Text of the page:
Published by Serving House Books, semi-finalist for the 2020 Elixir Press Fiction Award, shortlisted for the 2020 Steel Toe Books Prose Award, finalist for the 2019 CRAFT First Chapters Contest

CRAFT: Read Peter’s “An Extremely Disorganized Life: Osamu Dazai’s No Longer Human” (critical essay) and “Master of the Touching Detail: Emmanuel Bove, the Ultimate Writer’s Writer” (critical essay)


Laura van den Berg, I Hold a Wolf by the Ears

“Van den Berg is one of our most ingenious bards of the unsayable. I Hold a Wolf by the Ears carries forward the DNA of her other books, but it’s her best yet. With this collection, she invents a grammar to reconstitute the unease that flows beneath the surfaces of ordinary, mundane America.” Anita Felicelli

Published by Farrar, Straus and Giroux

CRAFT: Read Laura’s “Object Lessons: An Exploration” (craft essay) and our “Art of the Opening: Laura van den Berg

 


Bonus: January 2021 Releases

Mike Corrao, Rituals Performed in the Absence of Ganymede

“Mike Corrao’s text sheds light on the structures of existence and the voluptuousness of conflict masterfully, beyond fragmentation, through the absorption of the real, between absence and presence, entwining the manifested and the hidden, causing mutations in the flesh and in the mind. It tells us that there are other possibilities of living. Among its pages, antagonistic essences reflect in each other; among its pages, another game of potentialities is revealed. Rituals Performed in the Absence of Ganymede is a book in perpetual motion, forming and informing cognition in and beyond time. A book whose language births the body of the new reader.”—Christina Tudor-Sideri

Published by 11:11 Press | January 19, 2021

CRAFT: Read Mike’s “Interiors” (short story) and “Theatre Novel: Reading Joseph Scapellato’s The Made-Up Man” (critical essay)


Caitlin Horrocks, Life Among the Terranauts

“Caitlin Horrocks is one of America’s finest story writers. I marvel at the language in Life Among the Terranauts, which expands, varies, and never slips, and at the book’s gaze, exact and exacting, which seems able to inhabit every denizen of the world. The humanity contained in these stories stuns and lingers.” —Marie-Helene Bertino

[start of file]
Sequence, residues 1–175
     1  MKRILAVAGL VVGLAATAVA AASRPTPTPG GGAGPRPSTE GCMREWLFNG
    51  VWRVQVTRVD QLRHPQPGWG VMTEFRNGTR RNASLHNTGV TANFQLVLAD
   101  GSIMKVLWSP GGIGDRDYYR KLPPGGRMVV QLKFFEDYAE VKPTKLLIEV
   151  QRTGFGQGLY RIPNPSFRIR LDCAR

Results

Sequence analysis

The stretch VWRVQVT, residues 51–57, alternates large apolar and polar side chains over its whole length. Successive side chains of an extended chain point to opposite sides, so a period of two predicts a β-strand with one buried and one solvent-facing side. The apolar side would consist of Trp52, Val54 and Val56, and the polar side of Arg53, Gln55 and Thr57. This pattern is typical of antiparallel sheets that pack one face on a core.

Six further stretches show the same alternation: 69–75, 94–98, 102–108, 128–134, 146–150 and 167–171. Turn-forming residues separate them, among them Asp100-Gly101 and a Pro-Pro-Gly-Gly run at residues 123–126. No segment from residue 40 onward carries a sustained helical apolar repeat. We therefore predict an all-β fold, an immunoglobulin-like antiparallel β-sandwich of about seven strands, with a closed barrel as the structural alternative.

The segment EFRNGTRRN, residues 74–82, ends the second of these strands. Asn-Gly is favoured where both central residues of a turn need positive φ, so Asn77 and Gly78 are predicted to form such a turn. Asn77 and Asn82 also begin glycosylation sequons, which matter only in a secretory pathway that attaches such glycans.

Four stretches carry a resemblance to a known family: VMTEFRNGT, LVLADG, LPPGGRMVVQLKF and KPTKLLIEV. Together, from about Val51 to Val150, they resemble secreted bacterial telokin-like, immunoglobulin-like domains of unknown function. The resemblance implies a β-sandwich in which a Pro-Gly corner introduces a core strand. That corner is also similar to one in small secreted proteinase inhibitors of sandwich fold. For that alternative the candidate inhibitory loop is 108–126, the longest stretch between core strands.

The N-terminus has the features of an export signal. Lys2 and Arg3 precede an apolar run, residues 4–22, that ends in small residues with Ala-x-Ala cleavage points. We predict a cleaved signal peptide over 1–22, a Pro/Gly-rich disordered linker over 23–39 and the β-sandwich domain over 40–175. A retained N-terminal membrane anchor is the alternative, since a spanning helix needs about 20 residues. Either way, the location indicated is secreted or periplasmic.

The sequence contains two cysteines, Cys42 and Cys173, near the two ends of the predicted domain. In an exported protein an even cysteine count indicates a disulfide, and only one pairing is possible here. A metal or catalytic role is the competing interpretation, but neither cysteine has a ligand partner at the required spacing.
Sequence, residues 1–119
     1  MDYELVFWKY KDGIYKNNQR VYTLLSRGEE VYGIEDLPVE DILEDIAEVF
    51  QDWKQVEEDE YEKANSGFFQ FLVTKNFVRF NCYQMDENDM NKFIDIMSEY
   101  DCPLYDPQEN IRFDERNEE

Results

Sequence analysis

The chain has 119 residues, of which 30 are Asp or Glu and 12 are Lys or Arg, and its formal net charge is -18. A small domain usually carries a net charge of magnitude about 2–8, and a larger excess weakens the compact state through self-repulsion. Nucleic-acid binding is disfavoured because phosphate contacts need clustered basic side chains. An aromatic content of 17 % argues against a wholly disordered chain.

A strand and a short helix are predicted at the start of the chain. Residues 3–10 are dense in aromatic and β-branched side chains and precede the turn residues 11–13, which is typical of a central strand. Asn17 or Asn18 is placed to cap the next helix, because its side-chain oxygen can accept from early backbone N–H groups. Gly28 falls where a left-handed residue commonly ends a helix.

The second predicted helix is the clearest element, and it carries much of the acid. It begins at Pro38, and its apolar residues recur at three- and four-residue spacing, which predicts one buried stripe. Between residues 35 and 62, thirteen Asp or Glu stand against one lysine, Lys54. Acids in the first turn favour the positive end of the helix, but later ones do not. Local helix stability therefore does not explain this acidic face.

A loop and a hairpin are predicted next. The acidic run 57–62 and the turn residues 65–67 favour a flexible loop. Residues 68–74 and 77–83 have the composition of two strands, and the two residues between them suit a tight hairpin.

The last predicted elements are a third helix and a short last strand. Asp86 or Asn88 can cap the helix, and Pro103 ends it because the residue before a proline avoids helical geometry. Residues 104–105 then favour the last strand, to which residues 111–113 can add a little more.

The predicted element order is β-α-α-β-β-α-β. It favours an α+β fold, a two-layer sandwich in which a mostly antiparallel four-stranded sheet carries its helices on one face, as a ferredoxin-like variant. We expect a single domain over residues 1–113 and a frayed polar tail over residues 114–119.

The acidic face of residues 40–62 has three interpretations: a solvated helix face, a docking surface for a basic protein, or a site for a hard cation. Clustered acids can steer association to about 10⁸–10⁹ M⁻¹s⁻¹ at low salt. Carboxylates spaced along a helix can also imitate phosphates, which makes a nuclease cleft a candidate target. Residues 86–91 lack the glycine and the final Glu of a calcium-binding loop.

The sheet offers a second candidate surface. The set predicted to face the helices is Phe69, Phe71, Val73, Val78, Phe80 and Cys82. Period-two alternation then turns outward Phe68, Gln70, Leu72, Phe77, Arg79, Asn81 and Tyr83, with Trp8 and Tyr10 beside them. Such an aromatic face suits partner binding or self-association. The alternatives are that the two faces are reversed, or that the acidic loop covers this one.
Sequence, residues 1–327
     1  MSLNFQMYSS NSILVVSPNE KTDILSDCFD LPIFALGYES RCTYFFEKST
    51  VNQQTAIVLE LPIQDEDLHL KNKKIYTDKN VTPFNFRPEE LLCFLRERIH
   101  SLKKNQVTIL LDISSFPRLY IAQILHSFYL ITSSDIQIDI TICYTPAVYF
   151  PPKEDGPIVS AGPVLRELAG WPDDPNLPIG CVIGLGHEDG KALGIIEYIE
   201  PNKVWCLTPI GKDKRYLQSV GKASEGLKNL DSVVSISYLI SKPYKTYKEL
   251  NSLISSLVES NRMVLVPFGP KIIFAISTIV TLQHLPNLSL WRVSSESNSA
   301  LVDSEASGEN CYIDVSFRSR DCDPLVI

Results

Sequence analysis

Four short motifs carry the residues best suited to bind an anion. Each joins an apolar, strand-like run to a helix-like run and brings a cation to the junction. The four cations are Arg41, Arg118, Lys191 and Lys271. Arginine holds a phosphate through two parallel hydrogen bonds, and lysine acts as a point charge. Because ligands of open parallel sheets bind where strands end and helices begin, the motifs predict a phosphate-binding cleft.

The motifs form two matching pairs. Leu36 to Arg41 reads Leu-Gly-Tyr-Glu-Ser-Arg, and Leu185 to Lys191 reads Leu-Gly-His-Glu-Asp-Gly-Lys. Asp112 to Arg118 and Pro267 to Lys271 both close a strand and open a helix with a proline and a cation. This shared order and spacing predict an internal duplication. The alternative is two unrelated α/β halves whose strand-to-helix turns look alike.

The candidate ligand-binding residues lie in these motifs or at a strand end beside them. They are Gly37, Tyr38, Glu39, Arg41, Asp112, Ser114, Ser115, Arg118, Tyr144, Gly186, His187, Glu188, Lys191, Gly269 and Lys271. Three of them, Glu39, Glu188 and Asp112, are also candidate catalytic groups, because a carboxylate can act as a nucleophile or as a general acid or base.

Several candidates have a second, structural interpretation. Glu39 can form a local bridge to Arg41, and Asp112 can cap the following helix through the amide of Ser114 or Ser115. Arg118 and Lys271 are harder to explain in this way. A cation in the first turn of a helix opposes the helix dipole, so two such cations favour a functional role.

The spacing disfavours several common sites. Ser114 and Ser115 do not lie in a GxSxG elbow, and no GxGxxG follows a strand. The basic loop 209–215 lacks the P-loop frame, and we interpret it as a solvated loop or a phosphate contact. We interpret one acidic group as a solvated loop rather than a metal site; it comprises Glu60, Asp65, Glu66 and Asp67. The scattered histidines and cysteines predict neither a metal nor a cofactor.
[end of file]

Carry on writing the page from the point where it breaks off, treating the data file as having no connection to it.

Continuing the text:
Published by Little, Brown and Co. | January 12, 2021

CRAFT: Read Caitlin’s “Naming Makes Visible: Building a Craft Vocabulary” (craft essay)


Nuala O’Connor, Nora

“An exceptional novel by one of the most brilliant contemporary Irish writers, this is a story of love in all its many seasons, from ardent sexuality to companionable tenderness, through strength, challenge, and courage. Nuala O’Connor has brought to vivid life a woman about whom every literature lover has surely wondered and has done so with immense skill and daring.” —Joseph O’Connor

Published by Harper Perennial (US) | January 5, 2021 & New Island (Ireland) | April 21, 2021

CRAFT: Read Nuala’s “The Marys” (creative nonfiction)


Gwendolyn Paradice, More Enduring for Having Been Broken

“Within imitation Egyptian palaces, haunted cardboard houses, and souvenir shop rooftops, Paradice’s characters learn to live within broken worlds, broken families, and broken homes. Focusing on adolescence, More Enduring for Having Been Broken asks the question: What happens when, left to the mercy and whims of adults, children are forced to grow up too quickly? They become boys and girls who would rather live in the past than the present. If you have ever failed and been broken, if you have ever tried to peel off layers of yourself to feed the wolves, then this is the book for you. You too will realize how close enduring looks and sounds like endearing and not be able to leave Paradice’s characters on the page.” —Kara Dorris

Published by Black Lawrence Press, winner of The Hudson Prize | January 2021

CRAFT: Read Gwendolyn’s “Dialogue as Character (and Narrative) Complexity in Monica McFawn’s ‘Out of the Mouths of Babes’” (critical essay)